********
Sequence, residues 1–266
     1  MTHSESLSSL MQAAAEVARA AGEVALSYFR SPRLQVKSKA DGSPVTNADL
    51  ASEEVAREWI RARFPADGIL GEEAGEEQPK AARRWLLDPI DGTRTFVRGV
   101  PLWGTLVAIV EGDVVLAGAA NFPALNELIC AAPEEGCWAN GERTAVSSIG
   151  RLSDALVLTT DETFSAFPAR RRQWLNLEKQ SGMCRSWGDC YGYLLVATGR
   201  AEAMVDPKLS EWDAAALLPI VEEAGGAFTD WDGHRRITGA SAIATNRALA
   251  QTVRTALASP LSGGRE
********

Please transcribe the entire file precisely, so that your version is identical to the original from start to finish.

Sequence, residues 1–266
     1  MTHSESLSSL MQAAAEVARA AGEVALSYFR SPRLQVKSKA DGSPVTNADL
    51  ASEEVAREWI RARFPADGIL GEEAGEEQPK AARRWLLDPI DGTRTFVRGV
   101  PLWGTLVAIV EGDVVLAGAA NFPALNELIC AAPEEGCWAN GERTAVSSIG
   151  RLSDALVLTT DETFSAFPAR RRQWLNLEKQ SGMCRSWGDC YGYLLVATGR
   201  AEAMVDPKLS EWDAAALLPI VEEAGGAFTD WDGHRRITGA SAIATNRALA
   251  QTVRTALASP LSGGRE